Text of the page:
Is anticorruption neoliberal plot? Assessming the anticorruption project in Southeast Europe

Research output: Contribution to conferencePaper, not in proceeding

Abstract

The consolidation of a global anticorruption regime can be seen has a combination of international policy instruments, ideologies about good and bad governance, and a whole set of promises, programmes and practices all intended to reduce corruption. After nearly two decades, we can give this assemblage a name: Anticorruptionism. This paper reviews the history of anticorruptionism and the current status of the anticorruption project in southeast Europe. It focuses on the ostensible issue of whether anticorruptionism has played any role in affecting, much less reducing, corruption in Southeast Europe. Alternatively a critical approach would see anticorruption as part of some other larger strategy connected with neoliberalism, market accommodation and new public management. In this second approach, corruption and anticorruption, instead of being a zero sum game, operate in two parallel worlds. If this is true, the evolution, flowering and eventual decline of anticorruptionism is not related to corruption. An understanding of the anticorruption industry and anticorruptionism can turn the discussion of “why corruption” on its head. Instead of seeing corruption as a cause or symptom of some governance problem, this paper focuses on ‘anticorruptionism’ as a problem, using comparisons with the evolution of ‘civil society’, ‘development’ and ‘human rights’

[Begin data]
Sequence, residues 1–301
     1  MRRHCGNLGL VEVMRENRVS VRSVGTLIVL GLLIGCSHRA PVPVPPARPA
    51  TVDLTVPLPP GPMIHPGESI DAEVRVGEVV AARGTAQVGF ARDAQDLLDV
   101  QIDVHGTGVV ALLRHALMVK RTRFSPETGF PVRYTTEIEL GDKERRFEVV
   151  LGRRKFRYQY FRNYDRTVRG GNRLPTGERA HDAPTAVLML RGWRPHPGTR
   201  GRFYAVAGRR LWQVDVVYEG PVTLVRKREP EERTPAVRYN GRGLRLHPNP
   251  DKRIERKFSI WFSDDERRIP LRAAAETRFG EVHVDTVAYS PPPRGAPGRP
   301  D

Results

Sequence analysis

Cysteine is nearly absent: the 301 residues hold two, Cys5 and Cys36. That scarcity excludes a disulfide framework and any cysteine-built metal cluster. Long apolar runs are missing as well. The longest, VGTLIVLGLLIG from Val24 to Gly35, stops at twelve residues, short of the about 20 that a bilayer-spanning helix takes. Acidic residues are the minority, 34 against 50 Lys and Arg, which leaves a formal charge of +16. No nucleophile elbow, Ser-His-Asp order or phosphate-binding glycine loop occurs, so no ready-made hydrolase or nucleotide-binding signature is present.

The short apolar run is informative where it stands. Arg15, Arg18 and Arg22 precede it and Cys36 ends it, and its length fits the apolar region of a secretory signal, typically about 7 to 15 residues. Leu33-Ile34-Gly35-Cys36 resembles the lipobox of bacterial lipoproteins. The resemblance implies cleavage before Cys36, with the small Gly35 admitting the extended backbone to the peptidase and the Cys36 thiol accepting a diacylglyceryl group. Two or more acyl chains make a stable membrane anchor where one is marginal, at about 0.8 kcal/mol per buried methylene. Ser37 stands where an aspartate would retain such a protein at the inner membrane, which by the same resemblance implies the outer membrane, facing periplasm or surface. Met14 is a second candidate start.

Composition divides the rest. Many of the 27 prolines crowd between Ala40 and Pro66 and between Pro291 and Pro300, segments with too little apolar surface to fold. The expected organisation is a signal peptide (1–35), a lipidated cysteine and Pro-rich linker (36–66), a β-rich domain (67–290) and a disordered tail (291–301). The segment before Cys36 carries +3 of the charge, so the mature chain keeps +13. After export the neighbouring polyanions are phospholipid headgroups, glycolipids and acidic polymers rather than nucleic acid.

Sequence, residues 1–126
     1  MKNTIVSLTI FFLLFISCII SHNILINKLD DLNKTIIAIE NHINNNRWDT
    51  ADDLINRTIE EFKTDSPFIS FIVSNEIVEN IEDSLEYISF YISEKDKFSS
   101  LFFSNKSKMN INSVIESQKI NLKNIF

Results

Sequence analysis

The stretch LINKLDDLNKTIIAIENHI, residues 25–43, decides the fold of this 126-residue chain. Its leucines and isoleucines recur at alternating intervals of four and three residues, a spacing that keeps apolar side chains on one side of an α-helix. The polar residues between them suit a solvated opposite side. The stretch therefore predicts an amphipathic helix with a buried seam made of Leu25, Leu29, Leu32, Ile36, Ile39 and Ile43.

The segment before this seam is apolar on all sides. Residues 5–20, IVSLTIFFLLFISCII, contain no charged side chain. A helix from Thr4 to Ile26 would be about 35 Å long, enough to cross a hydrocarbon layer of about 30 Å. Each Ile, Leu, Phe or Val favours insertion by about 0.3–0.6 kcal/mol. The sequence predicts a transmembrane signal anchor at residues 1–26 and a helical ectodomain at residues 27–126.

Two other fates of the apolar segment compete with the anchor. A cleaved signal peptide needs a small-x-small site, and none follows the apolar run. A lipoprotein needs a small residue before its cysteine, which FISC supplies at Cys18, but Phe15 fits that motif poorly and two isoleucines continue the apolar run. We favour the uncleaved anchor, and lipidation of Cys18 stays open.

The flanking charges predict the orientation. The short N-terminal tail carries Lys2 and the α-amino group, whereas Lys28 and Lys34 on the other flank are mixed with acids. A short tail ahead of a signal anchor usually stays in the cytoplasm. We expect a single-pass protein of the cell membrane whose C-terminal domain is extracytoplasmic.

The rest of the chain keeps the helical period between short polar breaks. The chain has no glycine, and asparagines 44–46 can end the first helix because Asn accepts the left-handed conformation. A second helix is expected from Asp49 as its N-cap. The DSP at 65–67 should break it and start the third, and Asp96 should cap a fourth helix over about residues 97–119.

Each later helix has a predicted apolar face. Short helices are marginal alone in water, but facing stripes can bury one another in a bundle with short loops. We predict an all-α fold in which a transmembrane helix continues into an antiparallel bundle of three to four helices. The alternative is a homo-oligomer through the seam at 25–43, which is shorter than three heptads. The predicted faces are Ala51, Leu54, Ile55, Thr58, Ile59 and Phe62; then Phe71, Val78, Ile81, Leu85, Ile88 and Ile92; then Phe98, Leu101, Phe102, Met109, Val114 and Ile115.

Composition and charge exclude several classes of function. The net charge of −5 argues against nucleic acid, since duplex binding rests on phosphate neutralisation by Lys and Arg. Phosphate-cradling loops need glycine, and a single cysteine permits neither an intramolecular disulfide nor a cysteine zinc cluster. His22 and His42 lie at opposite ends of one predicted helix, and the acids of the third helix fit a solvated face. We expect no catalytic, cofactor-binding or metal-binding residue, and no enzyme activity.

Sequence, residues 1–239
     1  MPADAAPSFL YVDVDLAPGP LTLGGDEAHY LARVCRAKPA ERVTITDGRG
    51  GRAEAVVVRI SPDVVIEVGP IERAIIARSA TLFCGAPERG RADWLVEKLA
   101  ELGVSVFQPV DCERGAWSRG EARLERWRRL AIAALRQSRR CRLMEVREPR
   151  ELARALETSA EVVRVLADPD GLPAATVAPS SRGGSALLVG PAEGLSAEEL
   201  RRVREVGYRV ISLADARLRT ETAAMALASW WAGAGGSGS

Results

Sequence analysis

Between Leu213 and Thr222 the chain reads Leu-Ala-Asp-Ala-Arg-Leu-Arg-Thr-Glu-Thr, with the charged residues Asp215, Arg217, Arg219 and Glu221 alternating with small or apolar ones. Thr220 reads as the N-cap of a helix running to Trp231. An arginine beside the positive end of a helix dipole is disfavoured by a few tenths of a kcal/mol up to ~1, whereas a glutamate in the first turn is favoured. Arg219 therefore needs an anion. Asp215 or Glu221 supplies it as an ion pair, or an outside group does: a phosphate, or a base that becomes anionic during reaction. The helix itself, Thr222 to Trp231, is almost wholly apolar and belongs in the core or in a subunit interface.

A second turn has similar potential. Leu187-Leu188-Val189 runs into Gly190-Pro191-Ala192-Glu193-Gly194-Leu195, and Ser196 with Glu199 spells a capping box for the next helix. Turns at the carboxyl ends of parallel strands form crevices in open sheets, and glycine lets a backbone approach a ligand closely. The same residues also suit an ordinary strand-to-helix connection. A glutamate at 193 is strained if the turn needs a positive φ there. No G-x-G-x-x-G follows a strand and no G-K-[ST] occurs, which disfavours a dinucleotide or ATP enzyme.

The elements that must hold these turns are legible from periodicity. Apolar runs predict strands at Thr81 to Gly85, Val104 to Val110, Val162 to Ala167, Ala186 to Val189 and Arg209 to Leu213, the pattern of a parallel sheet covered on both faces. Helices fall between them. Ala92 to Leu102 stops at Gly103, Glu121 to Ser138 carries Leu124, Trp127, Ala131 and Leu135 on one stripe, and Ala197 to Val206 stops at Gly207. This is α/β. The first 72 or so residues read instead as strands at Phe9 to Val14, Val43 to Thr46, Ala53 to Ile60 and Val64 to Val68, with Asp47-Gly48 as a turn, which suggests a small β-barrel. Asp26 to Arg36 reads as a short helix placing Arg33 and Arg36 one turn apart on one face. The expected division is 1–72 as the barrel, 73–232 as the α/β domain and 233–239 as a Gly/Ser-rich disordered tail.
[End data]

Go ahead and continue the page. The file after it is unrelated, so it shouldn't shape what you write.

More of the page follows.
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Research areas and keywords

Subject classification (UKÄ) – MANDATORY

  • Social Anthropology

Keywords

  • socialanthropology, corruption, anticorruption, anticorruptionism, governance, Southeast Europe, Balkans, anticorruption industry
Original languageEnglish
Pages1-15
Number of pages15
Publication statusUnpublished - 2014
Publication categoryResearch
Peer-reviewedYes
EventEuropean Consortium for Political Research, 2014 - Glasgow, United Kingdom
Duration: 2014 Sep 32014 Sep 6

Conference

ConferenceEuropean Consortium for Political Research, 2014
CountryUnited Kingdom
CityGlasgow
Period2014/09/032014/09/06

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